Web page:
OVERWEIGHT, OBESITY AND THINNESS AND ASSOCIATED FACTORS AMONG SCHOOL-AGED CHILDREN (5-14 YEARS) IN TAMALE, NORTHERN GHANA

Victor Mogre, Patience Kanyiri Gaa, Rashida Nagumsi Sumani Abukari

Abstract


Background: Childhood overweight and obesity has been an issue concern for both developing and developed countries. Developing countries are faced with prevalence of overweight/obesity and thinness/underweight. This cross-sectional study was conducted to assess the prevalence of childhood overweight/obesity and thinness among school-aged children in Tamale, Ghana and examine their influencing factors.
Methods: From January to July 2010, a random sample of 218 from randomly selected schools was selected for the study. Anthropometric measurements of age, weight, height of the selected children were measured by standard methods. Age- and sex-specific prevalence of overweight and obesity were determined by Body-mass-index-for-age Z-scores using the criteria defined by the World Health Organisation (WHO) cut offs points for school-age children. The statistical software Graphpad was used to analysis the data. Fischer’s exact test or chi-square for trend analysis was used to test for significance a confidence interval of 95%.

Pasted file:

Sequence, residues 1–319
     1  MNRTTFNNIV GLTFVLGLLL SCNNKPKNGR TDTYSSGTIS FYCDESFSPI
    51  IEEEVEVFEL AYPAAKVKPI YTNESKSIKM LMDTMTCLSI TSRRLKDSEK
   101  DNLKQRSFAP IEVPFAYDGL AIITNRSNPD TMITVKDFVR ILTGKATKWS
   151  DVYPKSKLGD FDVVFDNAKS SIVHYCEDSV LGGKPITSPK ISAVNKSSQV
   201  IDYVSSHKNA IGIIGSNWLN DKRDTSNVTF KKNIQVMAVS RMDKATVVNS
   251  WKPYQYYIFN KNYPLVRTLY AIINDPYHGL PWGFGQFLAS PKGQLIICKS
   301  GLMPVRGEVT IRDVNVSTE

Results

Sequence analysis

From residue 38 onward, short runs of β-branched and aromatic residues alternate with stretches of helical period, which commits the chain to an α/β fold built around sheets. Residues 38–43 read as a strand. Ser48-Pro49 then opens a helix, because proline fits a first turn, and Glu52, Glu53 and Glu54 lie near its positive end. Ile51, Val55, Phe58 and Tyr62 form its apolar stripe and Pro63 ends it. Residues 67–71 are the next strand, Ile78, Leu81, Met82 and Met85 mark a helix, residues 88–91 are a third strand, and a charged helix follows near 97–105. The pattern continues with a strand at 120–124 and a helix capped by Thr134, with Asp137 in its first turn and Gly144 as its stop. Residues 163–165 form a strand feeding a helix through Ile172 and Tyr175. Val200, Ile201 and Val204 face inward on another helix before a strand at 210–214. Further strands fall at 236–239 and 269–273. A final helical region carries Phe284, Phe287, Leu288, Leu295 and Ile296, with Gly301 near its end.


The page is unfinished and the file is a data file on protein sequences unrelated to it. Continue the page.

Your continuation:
Results: Prevalence rates for thinness and overweight/obesity was found to be 29.8% and 17.4%. As more girls than boys were found to be overweight/obese (18.9% vs. 15.4%, p=0.5883), more boys than girls were found to be thin (38.5% vs. 23.6%, p=0.0241). Whereas, 71.1% (p=0.0112) of overweight/obese children went to bed between 20:00Hrs and 21:00 Hrs, 41.5% of children who were thin went to bed after 21:00Hrs (p=0.0375). Significantly, 34.2% overweight/obese children and 13.9% of children who were thin watched Television during leisure times. Snacking status, religious background and parent’s/guardian’s occupation was neither associated, significantly, to overweight/obesity nor to thinness.
Conclusion: The prevalence of overweight/obesity was high. Factors that were positively associated to overweight/obesity were television viewing and late bedtimes. The male gender and late bedtimes were also positively associated with thinness.

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DOI: http://dx.doi.org/10.19044/esj.2013.v9n20p%25p


European Scientific Journal (ESJ)

 

ISSN: 1857 - 7881 (Print)
ISSN: 1857 - 7431 (Online)

 

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